Banks: There is a Wells Fargo Bank in the building with Video World next to the AC grocery store and an Alaska USA in the AC store. There is an Alaska USA ATM in the entrance to the hospital. There is also a First National Bank of Alaska on the riverfront.

YKHC Employee Wellness Center: a small gym located in the YKHC admin building, across from the hospital. You sign up for it at HR, also in the admin building, on the 2nd floor. $25/month.

Yukon-Kuskokwim Fitness Center: New pool and fitness center. Offers classes and open gym access. Open Tuesday to Sundays. Fees range from $8 per visit to $60 monthly. There is also a Flex and Fit package that allows 10 class sessions in 8 weeks. You will have to ask about this as they don’t volunteer the info. Classes currently include Zumba, Spin, Cardio, Water polo.

Yukon Delta National Wildlife Refuge: interesting displays of stuffed wildlife in the area with info about the animals and refuge. Good place to get info on bird watching, berry picking, fishing, etc. Movies on Saturday.

Walks: In the summertime, up the road from Larson subdivision, there is a path that goes out on the right side behind a gate that says no trespassing. We take that to mean motorized vehicles, not us… Also, part way to Kasayuli Subdivision there is a path on the left after the big curve around to the right that has a nice path that goes out to the airport. Both are good for cranberries and blueberries as well as beautiful views.

You can also walk down by the river…reached by walking across the street from the hospital and behind the admin building along a dirt road and turning left when you get to the river…Or ask someone where Pinky’s park is in City sub for some boardwalks across the tundra but within the circle of town.

In the wintertime, be very cautious about skiing or hiking on the trails. Snow machines travel very fast and their ability to see you can be very limited, especially in the long hours of darkness. One of the docs here got run over by a sno-go and ended up with a compound tib/fib fx. Beware! In the dark when you are walking, please always wear reflective gear and/or brightly colored clothing. This makes things much safer for both you and the drivers around Bethel. There are reflective items available in the coffee shop in the CHSB.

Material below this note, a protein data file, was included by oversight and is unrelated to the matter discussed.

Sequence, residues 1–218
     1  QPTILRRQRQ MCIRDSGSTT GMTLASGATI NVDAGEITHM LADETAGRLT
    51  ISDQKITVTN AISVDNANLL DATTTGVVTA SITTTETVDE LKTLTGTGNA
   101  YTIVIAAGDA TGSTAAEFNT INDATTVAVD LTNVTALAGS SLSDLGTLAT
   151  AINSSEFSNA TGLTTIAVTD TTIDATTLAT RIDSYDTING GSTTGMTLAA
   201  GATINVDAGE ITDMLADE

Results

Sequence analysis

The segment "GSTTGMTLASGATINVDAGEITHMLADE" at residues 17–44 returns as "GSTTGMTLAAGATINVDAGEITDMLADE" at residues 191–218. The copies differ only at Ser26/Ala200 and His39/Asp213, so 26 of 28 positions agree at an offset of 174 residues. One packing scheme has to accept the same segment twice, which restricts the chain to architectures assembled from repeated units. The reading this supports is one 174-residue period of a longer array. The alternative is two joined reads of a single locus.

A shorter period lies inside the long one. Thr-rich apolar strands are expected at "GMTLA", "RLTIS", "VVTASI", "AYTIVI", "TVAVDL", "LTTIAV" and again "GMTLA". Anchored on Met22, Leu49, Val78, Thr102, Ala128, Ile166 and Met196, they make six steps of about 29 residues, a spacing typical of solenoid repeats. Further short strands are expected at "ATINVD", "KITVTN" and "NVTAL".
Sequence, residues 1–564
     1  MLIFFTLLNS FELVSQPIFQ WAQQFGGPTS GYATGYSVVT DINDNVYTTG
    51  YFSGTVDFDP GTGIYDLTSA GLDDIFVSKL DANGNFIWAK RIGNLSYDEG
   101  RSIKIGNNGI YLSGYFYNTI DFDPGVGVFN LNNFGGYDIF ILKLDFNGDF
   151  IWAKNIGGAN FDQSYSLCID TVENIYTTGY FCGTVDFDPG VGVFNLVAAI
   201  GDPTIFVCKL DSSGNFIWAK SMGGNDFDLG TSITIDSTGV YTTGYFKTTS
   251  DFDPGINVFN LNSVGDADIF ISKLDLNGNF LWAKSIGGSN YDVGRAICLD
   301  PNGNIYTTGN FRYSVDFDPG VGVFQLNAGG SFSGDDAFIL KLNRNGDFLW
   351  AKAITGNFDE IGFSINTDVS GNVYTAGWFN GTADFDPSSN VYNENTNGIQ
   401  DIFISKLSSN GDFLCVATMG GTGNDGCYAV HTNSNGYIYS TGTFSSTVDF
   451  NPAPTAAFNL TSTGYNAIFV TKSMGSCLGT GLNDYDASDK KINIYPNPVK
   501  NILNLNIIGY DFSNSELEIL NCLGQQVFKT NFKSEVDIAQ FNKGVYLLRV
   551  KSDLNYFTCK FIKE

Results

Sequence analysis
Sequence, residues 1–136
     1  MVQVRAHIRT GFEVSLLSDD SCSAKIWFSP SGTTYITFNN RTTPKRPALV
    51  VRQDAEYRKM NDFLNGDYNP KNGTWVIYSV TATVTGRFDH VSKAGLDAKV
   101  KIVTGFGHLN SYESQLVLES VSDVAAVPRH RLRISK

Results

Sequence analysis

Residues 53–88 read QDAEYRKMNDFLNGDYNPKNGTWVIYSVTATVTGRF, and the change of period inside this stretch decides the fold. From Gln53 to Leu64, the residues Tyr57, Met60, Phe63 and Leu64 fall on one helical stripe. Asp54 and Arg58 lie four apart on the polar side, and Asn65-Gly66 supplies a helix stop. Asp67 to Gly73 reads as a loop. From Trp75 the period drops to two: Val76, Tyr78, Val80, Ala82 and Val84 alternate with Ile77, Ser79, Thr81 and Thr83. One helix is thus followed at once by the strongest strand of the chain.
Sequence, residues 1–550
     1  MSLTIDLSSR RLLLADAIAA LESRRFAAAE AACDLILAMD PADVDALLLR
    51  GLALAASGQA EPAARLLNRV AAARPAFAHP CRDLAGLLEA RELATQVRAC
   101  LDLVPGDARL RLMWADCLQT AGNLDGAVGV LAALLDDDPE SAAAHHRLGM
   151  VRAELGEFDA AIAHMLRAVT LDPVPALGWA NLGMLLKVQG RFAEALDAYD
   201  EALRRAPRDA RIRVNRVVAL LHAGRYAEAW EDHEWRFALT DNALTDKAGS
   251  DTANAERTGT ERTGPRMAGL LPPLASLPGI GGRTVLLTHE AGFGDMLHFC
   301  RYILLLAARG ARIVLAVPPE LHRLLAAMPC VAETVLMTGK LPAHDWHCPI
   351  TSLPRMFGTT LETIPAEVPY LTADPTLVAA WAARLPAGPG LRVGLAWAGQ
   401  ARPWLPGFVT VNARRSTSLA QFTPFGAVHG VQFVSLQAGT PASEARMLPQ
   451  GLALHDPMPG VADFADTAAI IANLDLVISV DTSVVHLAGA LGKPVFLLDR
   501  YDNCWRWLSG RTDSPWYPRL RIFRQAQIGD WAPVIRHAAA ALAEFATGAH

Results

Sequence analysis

Restaurants

Mud Hut: on the highway between the hospital and the post office. Burgers, fries, daily specials. They also have a new drive- through espresso window, the first drive-through in town.

Dimitris: on 4th Ave, near the AC. They offer typical Bethel food such as pizza and burgers, but also offer gyros, chicken lemon rice soup and a few other unique options. Plus, people love them on Yelp!

Alba’s: coffee shop in the same plaza as the Subway, across from the AC.

Subway: the only chain restaurant in Bethel. Pricier than its lower 48 sister stores, but with basically the same offerings. Across from the AC.

Coffee shop: in the YKHC admin building, across from the hospital. Housed in the safety store, which is also fun to explore.

Chopstix: sushi, Chinese, burgers. Used to be called VIP and has changed locations at least twice in the past two years. Current location as of 3/2015 Go right on Akiak, Go left on Chief Eddie Hoffman. At the stop sign at the Y, Stay right on Chief Eddie Hoffman (not straight for Ridgecrest). You will see it straight ahead just before the road curves to the right to the small boat harbor. Seems to be the favorite recruiting dinner site for the hospital staff. But, sushi is not terrible and they deliver.

Ptarmigan Restaurant: in Tundra Ridge. They attempt Mexican food but also have the typical Bethel choices of burgers and pizza.

Brother’s Pizza: in Yute terminal at the airport.

Sicily’s Pizza: Right on Akiak then left on Mission (6th) to the end of the road (on your left). They use gluten free crust and use fresh veggies from Meyer’s farm in Bethel.

Coffee Shop: At the upstairs area of the Grant Aviation building if you need a fix of your favorite hot coffee drink. The also have some pastries and baked bread there as well. They also make pretty good sandwiches. Wi-fi available there.

There are others and menus are floating around the hospital. Everywhere serves a multiethnic menu, usually Chinese and American with a third option that is variable.

Events

Cama-i Dance Festival: in mid-April. This is a huge festival with lots of dancing, food and vendors.

Breakup: the day the Kuskokwim River ice breaks up and starts flowing. There is a Winter Classic, which means you enter a guess for the date and time the ice will break and the winner takes home a ton of money. On the day of breakup there is also free food and live music down by the river.

Kuskokwim 300: the big sled dog race in the Delta, in January. Starts and ends on the river. They are always looking for volunteers to help the mushers and run headquarters. There are events throughout the week, including an awards banquet at the end.

Saturday Market: at the Cultural Center, monthly. There are lots of Native crafts and it is typically the place to be on those days. There is a schedule posted at the Cultural Center on the bulletin board.